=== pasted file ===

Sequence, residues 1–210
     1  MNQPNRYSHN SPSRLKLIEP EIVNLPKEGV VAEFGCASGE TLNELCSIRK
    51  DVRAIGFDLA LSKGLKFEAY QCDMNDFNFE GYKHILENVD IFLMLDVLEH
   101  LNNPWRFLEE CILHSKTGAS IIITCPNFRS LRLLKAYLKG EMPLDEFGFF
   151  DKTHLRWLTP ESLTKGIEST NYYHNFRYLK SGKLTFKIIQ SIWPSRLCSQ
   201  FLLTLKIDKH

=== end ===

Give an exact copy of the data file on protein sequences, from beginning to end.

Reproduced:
Sequence, residues 1–210
     1  MNQPNRYSHN SPSRLKLIEP EIVNLPKEGV VAEFGCASGE TLNELCSIRK
    51  DVRAIGFDLA LSKGLKFEAY QCDMNDFNFE GYKHILENVD IFLMLDVLEH
   101  LNNPWRFLEE CILHSKTGAS IIITCPNFRS LRLLKAYLKG EMPLDEFGFF
   151  DKTHLRWLTP ESLTKGIEST NYYHNFRYLK SGKLTFKIIQ SIWPSRLCSQ
   201  FLLTLKIDKH